How Do Genetics Impact Mesothelioma Incidence?
One of the biggest questions facing researchers is why some people exposed to asbestos develop mesothelioma, but most do not. While exposure levels and the duration of exposure play significant roles, researchers have found some people are just more susceptible to toxic asbestos fibers.
For example, mesothelioma cases have been reported in people with only a one-time exposure to asbestos. In these cases, researchers believe there are genetic factors that make a person more prone to developing mesothelioma.
The most well-known mesothelioma genetic risk factor is BAP1, a tumor-suppressor gene. Several studies show mutations of BAP1 increase the risk of developing mesothelioma.
Unlocking the connection between genetic risk factors of mesothelioma helps researchers develop prevention techniques and more effective treatment options.Learn More About the Causes of Mesothelioma
BAP1 Gene and Mesothelioma
In a 2011 study conducted at the University of Hawaii Cancer Center and Fox Chase Cancer Center in Philadelphia, researchers discovered people who carry a mutation in a gene called BAP1 are susceptible to developing mesothelioma.
The gene is located on the short arm of chromosome three. The study evaluated two U.S. families with high incidences of mesothelioma and the mutation of the BAP1 gene. Researchers noticed every family member who had contracted the disease also carried the BAP1 mutation.
Further research shows the BAP1 mutation is found in an estimated 70% of mesothelioma cases, making the gene a potential target for prevention, early detection and treatment. Only 20% of cancers overall are associated with the BAP1 mutation.
The BAP1 gene regulates a channel that moves calcium inside cells. When the gene is damaged or mutated, calcium levels drop, making it more likely to become malignant when exposed to carcinogens such as asbestos.
Can Mesothelioma Be Inherited?
Asbestos exposure is the No. 1 cause of mesothelioma. However, a person can be born with a mutated BAP1 gene, which is often inherited. The BAP1 mutation can also develop later in life as cells become malignant.
People with a history of asbestos exposure are more likely to develop mesothelioma if they have damaged or mutated BAP1 genes.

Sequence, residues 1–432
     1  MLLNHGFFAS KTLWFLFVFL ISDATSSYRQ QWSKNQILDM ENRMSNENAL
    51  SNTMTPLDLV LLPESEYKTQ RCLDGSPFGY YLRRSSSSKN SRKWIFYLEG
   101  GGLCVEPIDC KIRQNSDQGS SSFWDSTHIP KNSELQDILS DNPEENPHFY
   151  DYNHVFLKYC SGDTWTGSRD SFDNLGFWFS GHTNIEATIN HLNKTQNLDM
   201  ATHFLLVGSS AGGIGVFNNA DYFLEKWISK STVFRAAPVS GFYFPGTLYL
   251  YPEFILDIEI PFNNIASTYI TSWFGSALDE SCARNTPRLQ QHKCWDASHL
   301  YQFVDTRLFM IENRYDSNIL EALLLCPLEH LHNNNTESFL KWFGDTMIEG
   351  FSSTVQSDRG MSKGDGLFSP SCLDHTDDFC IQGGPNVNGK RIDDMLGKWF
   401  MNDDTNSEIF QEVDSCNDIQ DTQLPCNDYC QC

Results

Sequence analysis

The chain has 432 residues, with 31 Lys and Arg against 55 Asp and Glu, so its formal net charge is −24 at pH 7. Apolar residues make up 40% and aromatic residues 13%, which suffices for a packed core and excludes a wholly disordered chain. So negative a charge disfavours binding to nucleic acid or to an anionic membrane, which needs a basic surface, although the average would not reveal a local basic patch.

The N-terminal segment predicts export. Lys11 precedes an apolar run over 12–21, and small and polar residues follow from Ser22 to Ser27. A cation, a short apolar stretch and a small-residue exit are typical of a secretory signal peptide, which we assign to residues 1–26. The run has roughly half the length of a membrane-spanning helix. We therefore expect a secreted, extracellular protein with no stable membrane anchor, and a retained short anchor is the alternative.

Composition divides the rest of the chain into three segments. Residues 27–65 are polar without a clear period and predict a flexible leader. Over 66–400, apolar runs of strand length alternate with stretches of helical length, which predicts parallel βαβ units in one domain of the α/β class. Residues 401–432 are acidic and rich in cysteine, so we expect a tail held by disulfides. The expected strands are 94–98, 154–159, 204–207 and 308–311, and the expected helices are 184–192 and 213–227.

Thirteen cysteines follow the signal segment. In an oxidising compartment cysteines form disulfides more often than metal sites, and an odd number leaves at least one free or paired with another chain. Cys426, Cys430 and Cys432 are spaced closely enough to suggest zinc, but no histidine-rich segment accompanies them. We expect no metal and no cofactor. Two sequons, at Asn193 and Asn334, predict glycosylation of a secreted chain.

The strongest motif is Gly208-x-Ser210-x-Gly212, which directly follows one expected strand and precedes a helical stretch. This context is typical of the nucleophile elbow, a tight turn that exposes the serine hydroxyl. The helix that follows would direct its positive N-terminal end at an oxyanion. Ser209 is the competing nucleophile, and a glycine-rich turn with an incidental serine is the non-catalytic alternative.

BAP1 Gene as a Screening Tool
The National Cancer Institute opened a clinical trial in March 2019 exploring predisposition to mesothelioma and potential solutions to negate it. NCI senior investigator Dr. Raffit Hassan and his staff are studying BAP1 and other similar-acting genes in the trial.
Hassan believes the study could lead to a regular screening process and routine exams for people with these gene mutations.
“This is an important, long-term study that could have implications not only for a patient, but for family members, too,” Hassan said. “Progress can be made in terms of prevention and early detection.”
If a mutation is not found in someone with asbestosis, for example, it can ease a high-risk individual’s fear of increased susceptibility for mesothelioma and other cancers. And if doctors locate a BAP1 mutation, they can provide a patient with steps to minimize the risk of developing mesothelioma, including avoiding workplace exposures to asbestos.
Testing for BAP1 requires a blood sample. It takes an average of two weeks to get results. A positive result means the gene is mutated, and a negative result means the gene is normal.
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Using Genetics to Treat Mesothelioma
A study published in June 2017 in the journal Nature details why a person with BAP1 mutations becomes more resistant to chemotherapy — a common problem with mesothelioma patients.
Researchers found mesothelioma cells become much more responsive to chemotherapy when BAP1 levels are restored and calcium channels are fixed and stabilized.
“The fixed channels should be able to prevent cancer in people who have inherited the mutation and help treat cancers whose tumor cells have developed mutations,” said Dr. Michele Carbone, director of thoracic oncology at the University of Hawaii Cancer Center.
Dr. Michele Carbone director of thoracic oncology at the University of Hawaii Cancer Center
“You cannot fix something unless you know what is broken. We discovered the first, and so far, only known biological mechanism that makes some people more susceptible. We discovered why and how BAP1 mutations cause cancer.”
Mesothelioma Immunotherapy and Genetics
In July 2018, the National Institutes of Health opened a phase II clinical trial involving the immunotherapy drug Lynparza (olaparib) and its response rate in pleural and peritoneal mesothelioma.
Lynparza is a protein inhibitor and targeted therapy already used effectively with breast and ovarian cancers. It targets the BRCA gene, which is closely related to BAP1.
Researchers are hoping the close relationship in the two genes will allow for similar results in mesothelioma to those in breast and ovarian cancers. The trial is expected to last through 2020.
How Genetics Impact Prognosis